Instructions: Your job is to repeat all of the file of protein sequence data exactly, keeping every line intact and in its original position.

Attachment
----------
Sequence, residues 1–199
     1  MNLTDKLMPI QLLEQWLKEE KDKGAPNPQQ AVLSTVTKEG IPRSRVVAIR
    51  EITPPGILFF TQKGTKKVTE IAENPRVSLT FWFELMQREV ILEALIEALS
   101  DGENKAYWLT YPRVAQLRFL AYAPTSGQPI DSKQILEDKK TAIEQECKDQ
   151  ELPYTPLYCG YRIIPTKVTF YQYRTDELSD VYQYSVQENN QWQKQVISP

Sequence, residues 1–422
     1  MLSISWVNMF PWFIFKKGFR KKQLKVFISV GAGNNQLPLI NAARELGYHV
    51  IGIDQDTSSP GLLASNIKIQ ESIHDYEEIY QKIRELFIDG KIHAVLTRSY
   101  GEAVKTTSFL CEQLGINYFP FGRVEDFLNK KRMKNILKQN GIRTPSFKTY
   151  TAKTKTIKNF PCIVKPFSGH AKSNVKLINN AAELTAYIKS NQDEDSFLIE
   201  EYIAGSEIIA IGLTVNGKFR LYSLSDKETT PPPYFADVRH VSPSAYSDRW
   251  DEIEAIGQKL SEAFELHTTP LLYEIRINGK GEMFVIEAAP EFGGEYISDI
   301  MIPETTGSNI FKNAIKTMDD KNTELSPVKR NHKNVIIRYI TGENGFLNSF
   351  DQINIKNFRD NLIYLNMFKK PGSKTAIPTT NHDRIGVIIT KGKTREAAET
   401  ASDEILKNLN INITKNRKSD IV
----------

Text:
Sequence, residues 1–199
     1  MNLTDKLMPI QLLEQWLKEE KDKGAPNPQQ AVLSTVTKEG IPRSRVVAIR
    51  EITPPGILFF TQKGTKKVTE IAENPRVSLT FWFELMQREV ILEALIEALS
   101  DGENKAYWLT YPRVAQLRFL AYAPTSGQPI DSKQILEDKK TAIEQECKDQ
   151  ELPYTPLYCG YRIIPTKVTF YQYRTDELSD VYQYSVQENN QWQKQVISP

Sequence, residues 1–422
     1  MLSISWVNMF PWFIFKKGFR KKQLKVFISV GAGNNQLPLI NAARELGYHV
    51  IGIDQDTSSP GLLASNIKIQ ESIHDYEEIY QKIRELFIDG KIHAVLTRSY
   101  GEAVKTTSFL CEQLGINYFP FGRVEDFLNK KRMKNILKQN GIRTPSFKTY
   151  TAKTKTIKNF PCIVKPFSGH AKSNVKLINN AAELTAYIKS NQDEDSFLIE
   201  EYIAGSEIIA IGLTVNGKFR LYSLSDKETT PPPYFADVRH VSPSAYSDRW
   251  DEIEAIGQKL SEAFELHTTP LLYEIRINGK GEMFVIEAAP EFGGEYISDI
   301  MIPETTGSNI FKNAIKTMDD KNTELSPVKR NHKNVIIRYI TGENGFLNSF
   351  DQINIKNFRD NLIYLNMFKK PGSKTAIPTT NHDRIGVIIT KGKTREAAET
   401  ASDEILKNLN INITKNRKSD IV